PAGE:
My Lords, I echo all the thanks that came from the Minister. I do not think I can add to his list, but I certainly endorse everything he said.

Bills of this nature can be controversial. We are seeing this in some other parts of the world at the moment. That was not the case in your Lordships’ House. That is testimony to the care with which the Bill was prepared, the civilised way in which it was debated and the openness of the Government to some of the important points made during our debates. I single out in particular the work of the Intelligence and Security Committee for the great scrutiny that it applied to it.

If I may, I will depart briefly from the studied impartiality associated with the Cross Benches. With the Government and Opposition so closely aligned on a Bill, it was particularly useful that we heard from the Liberal Democrats—with their sometimes annoying but rather necessary process of probing amendments. They caused everyone to think carefully about what we were doing. All in all, it was a happy experience for me. I hope that this is a good model for future Home Office Bills.

My Lords, having been cleared to annoy your Lordships’ House, I will do my best to do so.

This Bill started in your Lordships’ House and now heads to the Commons. Its primary purpose of enabling the intelligence services to better build their data models and teach their AI systems has been left completely unmolested by your Lordships. However, other parts of the Bill have attracted a fanfare of concern from certain external parties—particularly the large platforms. Whether the Government and Apple are at cross purposes or the Minister really is out to get it, we in your Lordships’ House were unable to muster sufficient traction to find out or clarify. It is now up to the MPs if they choose to pick up that particular baton.

There was also an unresolved issue around the triple lock and the Prime Minister’s role when they might be in conflict. Again, this has moved from our orbit. I hope the tenacity of the noble Lord, Lord Anderson, and the noble and learned Lord, Lord Hope, might still be involved somehow between here and the other place. The Minister raised the important issue of legislative consent. I hope he is successful in these negotiations.

I echo what other noble Lords have said. This has been a well-mannered and constructive process of discussion, with everybody moving in the same direction, albeit at different speeds.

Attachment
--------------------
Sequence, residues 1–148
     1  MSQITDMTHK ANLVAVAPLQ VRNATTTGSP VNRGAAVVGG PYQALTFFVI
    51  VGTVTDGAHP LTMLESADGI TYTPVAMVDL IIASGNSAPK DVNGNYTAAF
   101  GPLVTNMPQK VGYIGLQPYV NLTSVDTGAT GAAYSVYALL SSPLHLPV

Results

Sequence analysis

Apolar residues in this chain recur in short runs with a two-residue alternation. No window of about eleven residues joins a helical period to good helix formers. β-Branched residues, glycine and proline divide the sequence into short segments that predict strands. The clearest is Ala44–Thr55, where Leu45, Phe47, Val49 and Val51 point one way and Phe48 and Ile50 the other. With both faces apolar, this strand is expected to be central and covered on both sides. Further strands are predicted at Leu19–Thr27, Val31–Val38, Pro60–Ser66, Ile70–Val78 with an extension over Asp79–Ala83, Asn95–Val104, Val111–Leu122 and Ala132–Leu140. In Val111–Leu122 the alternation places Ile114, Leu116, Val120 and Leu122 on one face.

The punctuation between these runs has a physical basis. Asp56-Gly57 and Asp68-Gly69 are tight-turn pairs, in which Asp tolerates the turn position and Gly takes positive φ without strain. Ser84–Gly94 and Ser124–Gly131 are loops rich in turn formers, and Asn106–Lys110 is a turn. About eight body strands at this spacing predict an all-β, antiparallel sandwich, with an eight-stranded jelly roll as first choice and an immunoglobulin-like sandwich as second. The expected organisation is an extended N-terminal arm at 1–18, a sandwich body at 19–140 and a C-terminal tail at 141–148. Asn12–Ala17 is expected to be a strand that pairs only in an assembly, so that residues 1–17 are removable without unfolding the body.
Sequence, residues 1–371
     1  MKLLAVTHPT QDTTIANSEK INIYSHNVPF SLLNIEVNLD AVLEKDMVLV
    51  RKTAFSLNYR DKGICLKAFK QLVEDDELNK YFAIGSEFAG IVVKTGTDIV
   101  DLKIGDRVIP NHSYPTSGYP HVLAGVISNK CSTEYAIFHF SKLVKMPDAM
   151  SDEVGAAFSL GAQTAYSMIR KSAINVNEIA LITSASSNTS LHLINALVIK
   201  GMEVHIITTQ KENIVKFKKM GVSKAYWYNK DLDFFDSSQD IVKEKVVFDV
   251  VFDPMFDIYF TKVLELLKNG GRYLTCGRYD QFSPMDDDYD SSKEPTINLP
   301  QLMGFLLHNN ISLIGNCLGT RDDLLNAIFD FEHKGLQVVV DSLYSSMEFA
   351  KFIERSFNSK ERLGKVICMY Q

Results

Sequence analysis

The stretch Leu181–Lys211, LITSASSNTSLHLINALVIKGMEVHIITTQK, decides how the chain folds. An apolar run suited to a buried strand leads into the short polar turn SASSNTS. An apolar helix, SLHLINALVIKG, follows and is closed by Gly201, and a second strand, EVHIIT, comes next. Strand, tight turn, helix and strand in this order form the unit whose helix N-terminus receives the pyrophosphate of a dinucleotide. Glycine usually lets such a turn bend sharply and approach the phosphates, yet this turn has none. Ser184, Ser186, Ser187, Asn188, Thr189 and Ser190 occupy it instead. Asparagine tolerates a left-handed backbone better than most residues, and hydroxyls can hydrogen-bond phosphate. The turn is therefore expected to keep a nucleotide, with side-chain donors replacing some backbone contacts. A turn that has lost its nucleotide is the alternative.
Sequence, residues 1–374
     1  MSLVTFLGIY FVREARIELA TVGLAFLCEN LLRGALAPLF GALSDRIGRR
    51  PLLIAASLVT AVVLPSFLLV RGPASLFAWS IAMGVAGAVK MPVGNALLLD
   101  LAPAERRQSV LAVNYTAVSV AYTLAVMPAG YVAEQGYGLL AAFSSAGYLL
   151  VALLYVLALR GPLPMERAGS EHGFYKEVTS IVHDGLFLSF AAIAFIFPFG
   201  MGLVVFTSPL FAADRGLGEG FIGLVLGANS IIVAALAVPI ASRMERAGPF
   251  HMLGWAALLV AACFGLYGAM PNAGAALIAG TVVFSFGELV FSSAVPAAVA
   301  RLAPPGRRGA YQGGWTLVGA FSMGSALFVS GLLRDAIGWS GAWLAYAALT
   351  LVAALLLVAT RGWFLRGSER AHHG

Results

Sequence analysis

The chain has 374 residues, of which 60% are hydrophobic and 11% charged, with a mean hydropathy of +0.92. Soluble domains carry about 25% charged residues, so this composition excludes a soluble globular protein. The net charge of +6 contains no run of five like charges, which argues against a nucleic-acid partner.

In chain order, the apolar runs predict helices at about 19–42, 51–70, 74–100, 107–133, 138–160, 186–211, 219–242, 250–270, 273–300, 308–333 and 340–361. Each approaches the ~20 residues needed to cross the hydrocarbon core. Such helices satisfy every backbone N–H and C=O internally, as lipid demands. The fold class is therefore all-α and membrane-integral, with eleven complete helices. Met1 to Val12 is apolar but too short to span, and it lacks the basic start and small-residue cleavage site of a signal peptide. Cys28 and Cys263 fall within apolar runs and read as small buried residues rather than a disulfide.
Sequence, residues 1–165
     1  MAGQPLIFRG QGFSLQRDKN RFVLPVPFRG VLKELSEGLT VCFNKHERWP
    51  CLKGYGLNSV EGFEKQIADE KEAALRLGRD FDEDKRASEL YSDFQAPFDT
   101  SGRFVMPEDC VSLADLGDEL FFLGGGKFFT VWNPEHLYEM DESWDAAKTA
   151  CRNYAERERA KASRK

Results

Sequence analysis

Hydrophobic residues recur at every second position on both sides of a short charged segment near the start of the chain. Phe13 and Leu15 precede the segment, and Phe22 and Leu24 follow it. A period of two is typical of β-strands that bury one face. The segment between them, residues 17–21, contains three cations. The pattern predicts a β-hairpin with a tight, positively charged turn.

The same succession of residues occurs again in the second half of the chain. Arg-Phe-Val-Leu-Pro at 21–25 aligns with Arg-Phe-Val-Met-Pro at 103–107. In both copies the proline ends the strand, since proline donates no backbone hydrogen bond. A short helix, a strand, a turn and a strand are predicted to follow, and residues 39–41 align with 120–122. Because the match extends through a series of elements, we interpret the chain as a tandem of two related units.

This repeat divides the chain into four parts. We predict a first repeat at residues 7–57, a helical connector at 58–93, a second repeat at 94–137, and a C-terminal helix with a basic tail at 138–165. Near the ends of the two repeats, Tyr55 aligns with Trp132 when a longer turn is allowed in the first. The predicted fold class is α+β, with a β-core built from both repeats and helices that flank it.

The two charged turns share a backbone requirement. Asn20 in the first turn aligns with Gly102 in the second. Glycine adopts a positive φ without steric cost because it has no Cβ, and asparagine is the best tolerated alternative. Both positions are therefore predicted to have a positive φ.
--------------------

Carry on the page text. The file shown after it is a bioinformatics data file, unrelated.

I thank the Minister and the team he named for their time, availability and openness in our discussions. I also thank all the many external organisations and individuals who took time either to meet and brief or to send information which helped inform our debate. The discussion was greatly enhanced by the noble Lords, Lord Coaker and Lord Ponsonby, from the Front Bench, and by colleagues on their Benches, as well as the Cross Benchers. They played a pivotal role in our discussions.

Finally, I thank the home team: my colleague, my noble friend Lord Strasburger, and, most of all, Elizabeth Plummer in the Lib Dem Whips’ Office, without whom nothing is possible.

My Lords, we welcome the Bill and see it as an important step forward for our country. I thank the Minister and his colleagues very much for their constructive engagement all the way through; we very much appreciate that. I join the Minister in thanking his officials, all of whom have been helpful in ensuring that we understand the Government’s proposals. I wish him well with the Scottish Government and sorting out the various legislative consents; I hope that happens as soon as possible.

I thank my noble friend Lord Ponsonby for his support and help, and Clare Scally of our Whips Office, who has done an amazing job. I also thank the noble Lord, Lord Fox, the representative of the Liberal Democrats, who have engaged with us and others constructively on the Bill. I also single out the noble Lord, Lord Anderson of Ipswich, whose report gave us a hugely beneficial platform through which to move forward. When an expert puts a report together and the Government engage constructively with it, it helps enormously. Similarly, I thank my noble friends Lord West and Lord Murphy, the ISC for its work and the intelligence services, some of whose representatives are here, for their input. It would be remiss of us not to join the Minister in thanking them again, particularly when we read on the front pages of our newspapers the threat to so-called Iranian dissidents in this country from Iranian criminal gangs. It shows yet again the importance of the work they do.

The Bill is an important step forward because it maintains the powers that our police and other services need to stay ahead of the criminals and those who would organise against us. There are still one or two issues to be looked at, but the Bill leaves us in a good place. As the noble Lord, Lord Fox, said, there will be continuing debate about the triple lock and whether the wording used is completely right, but it is a significant step forward. As my noble friend Lord West mentioned, it shows the Government in a good light when they listen to the arguments and accept amendments because they are the right thing to do. I hope that we can do that in other areas as well.

There are still issues with the oversight the ISC has more generally of government business, and how large companies’ security measures and the work they do will continue under the Bill. However, the Minister is to be congratulated on the open way he has led the legislation through the House. As others have said, it is a case study in how to do it, and we are very grateful for it.

Bill passed.